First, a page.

Rarity will do that to a car, of course, but when that exclusivity is paired with almost unparalleled accessibility, it’s a recipe for a real people-pleaser. And boy is the Niva accessible. In the UK where we are testing this example, Key’s imported examples are priced from £12,495 (AUD$23,846), which makes the Russian off-roader about as expensive as a base-spec Mazda CX-3 if you’re in the mood for a tenuous comparison.

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In the interests of full disclosure, the Terra Brown-painted Luxe model you’re looking at here costs the equivalent of around $35,000 (by virtue of its far jazzier alloy wheels, electric windows and aircon), which is about what you will pay for a Suzuki Jimny on the road.

The Niva could show its closest-priced rivals a clean pair of mudflaps on the rough stuff, too, with the not insignificant benefit that you won’t be so worried about dings and scrapes. Hell, a battered old 4×4 looks 10 times more purposeful and well used than a pampered example, so get it mucky.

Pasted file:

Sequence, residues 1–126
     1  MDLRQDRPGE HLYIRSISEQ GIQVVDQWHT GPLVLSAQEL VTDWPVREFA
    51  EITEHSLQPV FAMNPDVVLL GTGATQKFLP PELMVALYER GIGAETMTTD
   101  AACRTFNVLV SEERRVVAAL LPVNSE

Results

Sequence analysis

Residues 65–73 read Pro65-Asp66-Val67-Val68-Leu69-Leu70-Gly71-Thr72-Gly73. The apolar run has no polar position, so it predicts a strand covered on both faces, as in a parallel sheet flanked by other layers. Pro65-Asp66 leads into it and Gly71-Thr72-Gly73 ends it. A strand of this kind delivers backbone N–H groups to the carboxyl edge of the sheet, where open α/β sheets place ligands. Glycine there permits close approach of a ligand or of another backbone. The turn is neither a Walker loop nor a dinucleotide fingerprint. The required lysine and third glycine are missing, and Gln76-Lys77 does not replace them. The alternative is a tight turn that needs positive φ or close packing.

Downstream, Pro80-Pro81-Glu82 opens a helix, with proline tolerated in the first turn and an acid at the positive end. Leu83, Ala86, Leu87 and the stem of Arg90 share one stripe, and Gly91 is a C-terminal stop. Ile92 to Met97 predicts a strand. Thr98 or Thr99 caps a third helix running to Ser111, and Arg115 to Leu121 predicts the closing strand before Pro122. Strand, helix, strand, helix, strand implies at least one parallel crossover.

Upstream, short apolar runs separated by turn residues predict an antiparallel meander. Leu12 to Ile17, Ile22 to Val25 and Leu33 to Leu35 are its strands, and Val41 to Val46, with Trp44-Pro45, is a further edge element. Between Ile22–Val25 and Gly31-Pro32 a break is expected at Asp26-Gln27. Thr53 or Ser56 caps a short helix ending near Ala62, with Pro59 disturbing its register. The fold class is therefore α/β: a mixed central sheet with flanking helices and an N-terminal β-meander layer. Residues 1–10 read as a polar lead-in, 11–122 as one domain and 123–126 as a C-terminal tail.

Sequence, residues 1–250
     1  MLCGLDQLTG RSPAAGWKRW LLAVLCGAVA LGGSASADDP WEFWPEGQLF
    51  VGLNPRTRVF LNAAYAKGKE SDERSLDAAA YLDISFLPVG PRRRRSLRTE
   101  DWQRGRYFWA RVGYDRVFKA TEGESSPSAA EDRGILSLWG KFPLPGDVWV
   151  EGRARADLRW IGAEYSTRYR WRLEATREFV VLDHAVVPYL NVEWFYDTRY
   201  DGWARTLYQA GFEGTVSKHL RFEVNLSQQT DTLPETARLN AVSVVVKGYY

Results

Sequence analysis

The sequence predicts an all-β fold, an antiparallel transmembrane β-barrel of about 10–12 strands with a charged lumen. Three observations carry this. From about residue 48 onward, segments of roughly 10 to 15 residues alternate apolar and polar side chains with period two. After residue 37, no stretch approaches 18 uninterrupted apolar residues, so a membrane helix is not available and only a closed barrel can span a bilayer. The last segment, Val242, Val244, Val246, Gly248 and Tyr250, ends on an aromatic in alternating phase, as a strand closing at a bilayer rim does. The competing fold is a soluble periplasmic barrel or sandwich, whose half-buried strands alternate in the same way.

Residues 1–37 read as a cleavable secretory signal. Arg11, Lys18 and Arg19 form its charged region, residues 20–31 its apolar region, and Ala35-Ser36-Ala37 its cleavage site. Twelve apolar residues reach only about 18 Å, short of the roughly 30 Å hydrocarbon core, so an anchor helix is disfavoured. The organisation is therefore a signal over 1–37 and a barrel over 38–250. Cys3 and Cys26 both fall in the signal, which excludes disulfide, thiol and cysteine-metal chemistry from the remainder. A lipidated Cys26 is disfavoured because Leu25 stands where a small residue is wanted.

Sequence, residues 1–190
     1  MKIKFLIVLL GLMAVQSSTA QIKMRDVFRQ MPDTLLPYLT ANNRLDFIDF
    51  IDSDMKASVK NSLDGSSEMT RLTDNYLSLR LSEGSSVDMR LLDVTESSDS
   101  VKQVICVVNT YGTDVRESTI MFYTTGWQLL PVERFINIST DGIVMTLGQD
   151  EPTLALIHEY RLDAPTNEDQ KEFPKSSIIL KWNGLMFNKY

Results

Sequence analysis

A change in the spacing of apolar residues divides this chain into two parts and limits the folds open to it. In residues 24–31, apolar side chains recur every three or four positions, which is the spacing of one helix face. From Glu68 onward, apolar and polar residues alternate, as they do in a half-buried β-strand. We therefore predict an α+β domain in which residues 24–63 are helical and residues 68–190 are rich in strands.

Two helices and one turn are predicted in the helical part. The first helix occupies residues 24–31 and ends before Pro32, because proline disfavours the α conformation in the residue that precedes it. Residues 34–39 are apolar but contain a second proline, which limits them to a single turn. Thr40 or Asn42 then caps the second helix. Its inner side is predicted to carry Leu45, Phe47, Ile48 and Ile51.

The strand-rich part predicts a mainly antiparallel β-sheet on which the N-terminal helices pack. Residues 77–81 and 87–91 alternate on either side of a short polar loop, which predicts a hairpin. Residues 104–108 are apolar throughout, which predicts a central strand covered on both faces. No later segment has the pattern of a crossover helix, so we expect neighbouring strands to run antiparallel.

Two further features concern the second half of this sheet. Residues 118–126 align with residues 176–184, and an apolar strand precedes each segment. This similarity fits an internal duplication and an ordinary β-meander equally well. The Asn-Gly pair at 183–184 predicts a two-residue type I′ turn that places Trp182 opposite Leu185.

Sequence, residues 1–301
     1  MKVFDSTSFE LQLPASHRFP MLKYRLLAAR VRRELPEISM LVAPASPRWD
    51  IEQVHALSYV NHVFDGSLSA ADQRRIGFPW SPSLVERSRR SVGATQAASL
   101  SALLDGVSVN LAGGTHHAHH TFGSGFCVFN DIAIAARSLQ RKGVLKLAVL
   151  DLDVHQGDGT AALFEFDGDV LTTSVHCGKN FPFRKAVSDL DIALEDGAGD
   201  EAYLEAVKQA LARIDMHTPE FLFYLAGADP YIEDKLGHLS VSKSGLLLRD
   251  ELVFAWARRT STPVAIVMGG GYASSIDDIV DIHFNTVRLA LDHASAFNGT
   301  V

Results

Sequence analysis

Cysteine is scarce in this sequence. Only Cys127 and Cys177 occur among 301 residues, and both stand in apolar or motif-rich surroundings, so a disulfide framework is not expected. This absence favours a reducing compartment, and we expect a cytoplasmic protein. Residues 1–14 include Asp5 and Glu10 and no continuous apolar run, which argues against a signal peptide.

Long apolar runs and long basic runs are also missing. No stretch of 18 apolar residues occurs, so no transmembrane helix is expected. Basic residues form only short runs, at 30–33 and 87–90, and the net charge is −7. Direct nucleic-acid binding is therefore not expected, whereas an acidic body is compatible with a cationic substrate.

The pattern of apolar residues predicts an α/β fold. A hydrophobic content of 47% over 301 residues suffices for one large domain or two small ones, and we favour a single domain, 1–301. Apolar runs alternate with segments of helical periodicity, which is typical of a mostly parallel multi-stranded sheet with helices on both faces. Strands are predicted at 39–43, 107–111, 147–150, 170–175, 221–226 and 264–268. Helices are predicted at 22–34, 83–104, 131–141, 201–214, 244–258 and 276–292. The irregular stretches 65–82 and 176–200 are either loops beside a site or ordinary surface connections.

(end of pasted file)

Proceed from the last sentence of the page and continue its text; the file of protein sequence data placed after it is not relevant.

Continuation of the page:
It will reward you for it; impressive axle articulation, yards of ground clearance and a low kerb weight mean it scampers across rutted fields like a hyperactive collie, can ford a decent-sized river and doesn’t get bogged down in the gloopier sections. Such competence on the route less travelled goes some way to making up for its, shall we say, uncompromising approach to daily driving.

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Not that you would be completely restricted to byways and back roads, of course. Key’s website proudly proclaims that the Niva’s fearsome naturally aspirated 1.7-litre four-cylinder petrol engine, pumping out 61kW and 129Nm, is compliant with London’s ULEZ regulations; and even in spite of the car’s complete dismissal of the principles of aerodynamics, we managed around 9.4L/100km on the motorway.

It’s almost redundant to weigh up the economic implications of Lada ownership, really. If you want a Niva, you will buy a Niva. For much the same reasons as you would buy any car with your heart rather than your head: it’s almost peerless, it’s utterly riddled with charm and, with allowances for the inconsistencies across the spread of its abilities, it’s fantastic at doing what it was designed to do.

And while its days are numbered, it won’t officially bow out until the end of 2023, so there’s plenty of time before the new Niva arrives with new Renault-derived underpinnings, potentially a hybrid powertrain option and – heaven forfend – slightly curved edges.

Felix Page